Khatieb observes that recent Syrian government airstrikes in the region have focused on territory controlled by Syrian opposition forces backed by the United States and its allies, while sparing those areas controlled by IS. There has at times been a muddled or confused understanding of the alleged relationship between Syrian President Bashar al-Assad and IS. In November 2014, US Secretary of State John Kerry had said, “The Assad regime and [IS] are actually dependent on one another. That’s why Assad has relentlessly bombed areas held by the moderate opposition while doing almost nothing to hinder [IS'] march.”

Khatieb’s analysis clarifies the alleged Assad-IS “dependency”: “Despite the fact that IS must be benefiting from these strikes, it cannot be said that Assad and IS are allies. The regime has fought IS before, incurring heavy losses in materiel and troops in August and September of 2014, when IS attacked the Tabaqa military airport and the Shaer oil field. What then drives Assad to help IS on the battlefield?

“There are two main reasons. The first is the region’s importance to the rebel forces. Aleppo’s northern countryside is considered to be one of the largest rebel strongholds with access to Turkey, as well as the rebels' only gateway to the city of Aleppo,” Khatieb writes.

Khatieb continues that international support for armed Syrian opposition groups also weighs in Assad’s calculations: “The second reason for the recent strikes against rebel areas is that the Assad regime faces two main foes in Syria: IS, against which the United States is leading an international coalition, and rebels backed by a variety of regional powers, most notably Turkey, Qatar and Saudi Arabia. In that context, it is only logical that the regime would prefer eliminating an enemy that receives backing, weapons and funds from regional sources, and leave the task of weakening its primary enemy, IS, to the international coalition. Consequently, the regime’s presumed elimination of Syrian rebels would force the international community and the factions that back those rebels into allying themselves with Assad to finish off IS.”

Whbee: Israel “next target” for terrorists

On June 22, a mob near the Druze village of Majd al-Shams attacked an ambulance carrying two wounded Syrian rebel fighters to an Israeli hospital, killing one, and further escalating questions about Israel’s role in Syria.

Ben Caspit writes that since the incident “Israel has intensified its information campaign among the Druze in an effort to convince them that Israel is neither collaborating with nor aiding Jabhat al-Nusra fighters. Nevertheless, many members of the Druze community are convinced that most of the wounded Syrians taken for treatment in Israel are actually members of Jabhat al-Nusra. On June 11, that same group allegedly committed a massacre of Druze in northern Syria, where the community lives along the border with Turkey.”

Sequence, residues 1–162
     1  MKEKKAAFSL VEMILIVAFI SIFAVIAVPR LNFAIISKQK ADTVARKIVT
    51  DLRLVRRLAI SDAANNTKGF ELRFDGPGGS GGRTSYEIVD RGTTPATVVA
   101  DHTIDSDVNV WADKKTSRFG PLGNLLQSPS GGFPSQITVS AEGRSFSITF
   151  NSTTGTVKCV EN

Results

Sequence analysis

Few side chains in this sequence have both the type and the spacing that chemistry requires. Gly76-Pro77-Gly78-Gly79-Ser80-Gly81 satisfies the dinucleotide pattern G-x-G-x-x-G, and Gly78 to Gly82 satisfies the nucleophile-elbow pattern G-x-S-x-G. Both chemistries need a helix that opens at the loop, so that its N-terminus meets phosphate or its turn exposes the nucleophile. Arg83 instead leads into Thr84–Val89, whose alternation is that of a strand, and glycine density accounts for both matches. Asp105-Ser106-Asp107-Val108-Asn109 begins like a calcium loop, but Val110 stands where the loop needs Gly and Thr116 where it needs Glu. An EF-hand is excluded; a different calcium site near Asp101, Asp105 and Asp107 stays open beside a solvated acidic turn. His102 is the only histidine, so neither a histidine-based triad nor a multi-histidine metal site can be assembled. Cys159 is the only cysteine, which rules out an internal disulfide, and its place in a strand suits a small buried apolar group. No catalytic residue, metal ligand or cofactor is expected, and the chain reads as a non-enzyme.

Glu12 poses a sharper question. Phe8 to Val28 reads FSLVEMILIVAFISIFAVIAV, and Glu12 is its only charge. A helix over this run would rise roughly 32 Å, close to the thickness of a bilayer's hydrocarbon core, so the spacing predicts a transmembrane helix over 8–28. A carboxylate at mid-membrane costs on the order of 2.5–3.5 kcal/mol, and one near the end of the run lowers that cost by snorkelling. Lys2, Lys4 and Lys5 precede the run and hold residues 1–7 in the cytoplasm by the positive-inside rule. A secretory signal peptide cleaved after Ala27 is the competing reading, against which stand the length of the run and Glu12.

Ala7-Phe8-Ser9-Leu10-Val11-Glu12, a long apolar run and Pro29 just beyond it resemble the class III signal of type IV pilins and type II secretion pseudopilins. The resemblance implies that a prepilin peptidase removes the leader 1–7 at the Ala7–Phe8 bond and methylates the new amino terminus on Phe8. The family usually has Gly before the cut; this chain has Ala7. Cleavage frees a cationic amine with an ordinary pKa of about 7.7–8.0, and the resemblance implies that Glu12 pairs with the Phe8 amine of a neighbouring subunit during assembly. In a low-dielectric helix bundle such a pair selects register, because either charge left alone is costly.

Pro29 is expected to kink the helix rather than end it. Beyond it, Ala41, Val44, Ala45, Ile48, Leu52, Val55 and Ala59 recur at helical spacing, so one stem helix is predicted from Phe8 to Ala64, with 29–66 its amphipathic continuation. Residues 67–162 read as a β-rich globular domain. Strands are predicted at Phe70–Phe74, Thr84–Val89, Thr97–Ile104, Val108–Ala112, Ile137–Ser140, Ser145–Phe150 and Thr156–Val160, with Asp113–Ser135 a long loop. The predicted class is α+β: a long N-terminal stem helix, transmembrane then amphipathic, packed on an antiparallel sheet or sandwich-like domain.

Former Israeli Deputy Foreign Minister Majallie Whbee, an Israeli Druze, told Mazal Mualem that while he believed that those Druze involved in the attack near Majd al-Shams had “some ties or other to the Syrian government,” Israel needs to be more alert to the threat from terrorist groups such as Jabhat al-Nusra and IS gaining ground in Syria.

“Israel’s leadership took time to wake up to the threat,” Whbee said. “At first, they were excited to see the Assad regime collapsing. They didn’t realize what would come to replace it. It is clear to me that Israel is the next target after Syria. Given that, what happened to the Yazidis and the Christians must not be allowed to happen to the Druze. Some people claim that the civil war in Syria will last years. In that case, Israel must take a deep breath and have its forces on the alert. If Bashar al-Assad falls in the near future, the IDF [Israel Defense Forces] must be ready for much more extensive defensive measures along the border.”

Egypt charts new course on Syria

Ayah Aman reports, “Despite Turkey's new alliance with Saudi Arabia on Syria, with both supporting jihadist movements there, Cairo's diplomatic efforts appear geared toward countering or lessening Turkey’s active role in the conflict. At the same time, Egypt is taking steps toward rapprochement with Russia and is beginning to view Assad's regime as part of a potential solution.

“The opposition conference in Cairo — which hosted new factions and excluded the Ankara-backed National Coalition for Syrian Revolution and Opposition Forces — announced a new road map to resolve the crisis. The plan does not abolish Assad's government, but stipulates that the only way to save Syria is through a negotiated political solution between opposition delegations and the regime under the auspices of the United Nations.”